Through the decades, Clark Lake has had many adoring fans.  Some showed their love of the lake by painting it. 

To follow the pedigree of one of these paintings, you will need to know its backstory.  Flip and Linda Reynolds have a long history at Clark Lake.  For many years, Flip’s grandparents, Herbert and Betsy Reynolds, owned the cottage at 1900 Q Lane.  It was there that a very special painting had its birth. 

It was summer 1932, and the Reynolds invited a special guest, an artist, to stay with them.  Inspired by all she was seeing, she assembled her supplies and sat down in front of a blank canvas.  As many artists do, she began to create her own version of what she saw.  Clark Lake would have a bi-plane delivering airmail.  A Loch Ness type serpent would be seen at the tip of Kentucky Point swimming toward the head-of-the-lake.  Not just any serpent, our Nessie was like the story your uncle told about the fish that got away.  Larger than life.  Of course, the main sights would be included–Pleasant View, Ocean Beach, boats on the lake, C.B. Hayes cottage and barns.  A train would chug along the tracks paralleling Hyde Road.  And was it the train that delivered her to the lake for her visit to the Reynolds?  When she finished the artwork, the Reynolds hung it in a place of honor in the living room.  The photo of the painting is below.  But this is not where the story ends.  

This is the only photo of this painting known to exist, preserved in Linda Reynolds’ collection.  Before several hours of recent work to restore the photo, it looked very much like the photo was taken as an afterthought.  Why spend a lot of time photographing something if you could look at the original anytime?  The photo was taken at an angle, and even with most careful use of Photoshop and Corel Aftershot, many of the details are still obscure. 

So, where is the painting today?  That remains a mystery–the result of Clark Lake’s crime of the century. 

In 2001 the Reynolds family sold the Q Lane property to Bob and Jill Lajdziak.  The Reynolds had razed the cottage, and the Lajdziak’s built a new home on the lot.

  • Reynolds' cottage from Q Lane
  • Reynolds' cottage from the lake
  • Q Lane numbers from the old cottage


The painting had hung on the same east wall of the cottage since 1932.  Desiring to share it with the lake, Flip and Linda Reynolds put it on loan for display at the Clark Lake Community Center.  The Center, itself an icon, preserves Clark Lake’s past.  So, what a perfect place for the painting.  To protect it, the Reynolds had it mounted on a plywood base, covered in Lexan (clear plastic stronger than Plexiglass) and encased in an aluminum frame. The painting was secured on the east wall of the second story hallway near the stairwell.  On August 2, 2006, a person or persons broke into the Community Center and cut the painting out of its frame.  Left behind were the remnants of the frame and plywood.  It’s possible the painting was destroyed.  Or was it?  A few small pieces of the painting were found at the scene, but most was gone. The painting has never emerged. The only evidence that it ever existed is the photo you see above.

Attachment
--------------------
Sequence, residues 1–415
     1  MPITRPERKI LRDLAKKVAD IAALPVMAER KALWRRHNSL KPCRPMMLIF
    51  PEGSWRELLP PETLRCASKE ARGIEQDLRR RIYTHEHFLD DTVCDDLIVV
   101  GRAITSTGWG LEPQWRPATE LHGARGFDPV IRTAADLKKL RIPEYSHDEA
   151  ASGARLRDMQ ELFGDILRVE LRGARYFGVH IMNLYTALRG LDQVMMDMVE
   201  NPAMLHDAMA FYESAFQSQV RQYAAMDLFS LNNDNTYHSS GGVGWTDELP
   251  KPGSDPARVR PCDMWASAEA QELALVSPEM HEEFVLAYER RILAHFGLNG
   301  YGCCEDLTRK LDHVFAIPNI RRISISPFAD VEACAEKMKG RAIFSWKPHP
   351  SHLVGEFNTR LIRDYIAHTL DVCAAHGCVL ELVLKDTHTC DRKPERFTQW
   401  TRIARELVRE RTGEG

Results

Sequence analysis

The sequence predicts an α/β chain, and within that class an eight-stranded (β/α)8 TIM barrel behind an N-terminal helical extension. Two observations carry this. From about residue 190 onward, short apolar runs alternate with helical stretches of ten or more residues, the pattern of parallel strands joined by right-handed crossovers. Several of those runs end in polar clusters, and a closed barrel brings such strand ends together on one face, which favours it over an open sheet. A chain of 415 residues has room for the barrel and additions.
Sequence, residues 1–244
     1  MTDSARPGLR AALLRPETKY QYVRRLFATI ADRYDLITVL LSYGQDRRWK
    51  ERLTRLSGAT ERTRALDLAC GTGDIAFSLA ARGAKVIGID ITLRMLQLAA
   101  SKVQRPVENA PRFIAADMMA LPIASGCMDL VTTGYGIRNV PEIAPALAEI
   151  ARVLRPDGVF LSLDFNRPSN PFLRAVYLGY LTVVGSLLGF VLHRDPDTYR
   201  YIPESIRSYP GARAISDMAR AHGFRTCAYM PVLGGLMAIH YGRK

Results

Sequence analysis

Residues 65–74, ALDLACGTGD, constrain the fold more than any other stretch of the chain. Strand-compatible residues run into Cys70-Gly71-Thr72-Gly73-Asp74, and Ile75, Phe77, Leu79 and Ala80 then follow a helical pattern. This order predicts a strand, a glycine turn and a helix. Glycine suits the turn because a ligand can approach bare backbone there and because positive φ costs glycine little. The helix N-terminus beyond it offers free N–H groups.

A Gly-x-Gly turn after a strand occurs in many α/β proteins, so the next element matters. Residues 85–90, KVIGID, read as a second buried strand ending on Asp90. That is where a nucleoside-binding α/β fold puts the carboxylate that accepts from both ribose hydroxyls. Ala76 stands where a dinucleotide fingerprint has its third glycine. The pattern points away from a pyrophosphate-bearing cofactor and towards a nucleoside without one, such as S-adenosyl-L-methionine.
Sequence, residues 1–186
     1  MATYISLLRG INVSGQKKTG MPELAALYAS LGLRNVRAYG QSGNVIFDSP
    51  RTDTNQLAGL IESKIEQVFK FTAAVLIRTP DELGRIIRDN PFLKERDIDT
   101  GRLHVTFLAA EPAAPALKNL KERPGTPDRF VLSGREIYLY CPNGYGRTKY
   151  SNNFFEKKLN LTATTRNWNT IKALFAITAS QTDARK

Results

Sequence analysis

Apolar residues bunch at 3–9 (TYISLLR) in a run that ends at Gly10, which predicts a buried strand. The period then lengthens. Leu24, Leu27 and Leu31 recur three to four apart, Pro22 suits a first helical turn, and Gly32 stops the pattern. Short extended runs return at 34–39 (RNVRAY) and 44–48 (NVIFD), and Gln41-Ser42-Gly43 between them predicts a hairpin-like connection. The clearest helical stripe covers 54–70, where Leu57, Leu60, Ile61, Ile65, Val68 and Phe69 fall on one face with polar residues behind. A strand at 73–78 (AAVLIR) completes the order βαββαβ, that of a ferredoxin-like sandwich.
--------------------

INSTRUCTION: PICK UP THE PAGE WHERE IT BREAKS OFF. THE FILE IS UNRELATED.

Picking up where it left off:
To say this is a cold case is an understatement.  Unlike TV crime shows, the forensics, including dusting for fingerprints, did not lead to the guilty, nor enable a recovery.  Several questions to ponder. If you love Clark Lake enough to steal this painting, how could you equate that love of the lake to depriving others from seeing it?  Then there is this.  If someone stole the Mona Lisa from the Louvre, what could he do with it?  Show it to friends?  Probably not.  It would be so hot that anyone learning of its new owner would eventually talk.  Or was this just a terrible act of vandalism? 

Today the painting remains missing.  Do you have any information that would lead to its recovery?  Or if you, or someone you know, has it, would you be willing to return it with no questions asked?  Please leave any leads in the comment section below.         

Note:  This is not the first or last time someone would create their own vision of Clark Lake in oils or water colors. More is on the way.  Stay tuned!